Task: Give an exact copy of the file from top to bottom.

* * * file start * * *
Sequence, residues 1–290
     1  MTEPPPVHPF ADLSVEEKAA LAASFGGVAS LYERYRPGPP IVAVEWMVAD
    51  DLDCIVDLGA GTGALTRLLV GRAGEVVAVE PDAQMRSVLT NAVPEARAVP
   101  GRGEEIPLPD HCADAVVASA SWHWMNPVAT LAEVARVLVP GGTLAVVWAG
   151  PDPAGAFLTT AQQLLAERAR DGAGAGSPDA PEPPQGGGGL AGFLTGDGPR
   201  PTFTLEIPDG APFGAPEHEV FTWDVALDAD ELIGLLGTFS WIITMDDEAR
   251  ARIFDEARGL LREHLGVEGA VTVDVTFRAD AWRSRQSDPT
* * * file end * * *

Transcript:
Sequence, residues 1–290
     1  MTEPPPVHPF ADLSVEEKAA LAASFGGVAS LYERYRPGPP IVAVEWMVAD
    51  DLDCIVDLGA GTGALTRLLV GRAGEVVAVE PDAQMRSVLT NAVPEARAVP
   101  GRGEEIPLPD HCADAVVASA SWHWMNPVAT LAEVARVLVP GGTLAVVWAG
   151  PDPAGAFLTT AQQLLAERAR DGAGAGSPDA PEPPQGGGGL AGFLTGDGPR
   201  PTFTLEIPDG APFGAPEHEV FTWDVALDAD ELIGLLGTFS WIITMDDEAR
   251  ARIFDEARGL LREHLGVEGA VTVDVTFRAD AWRSRQSDPT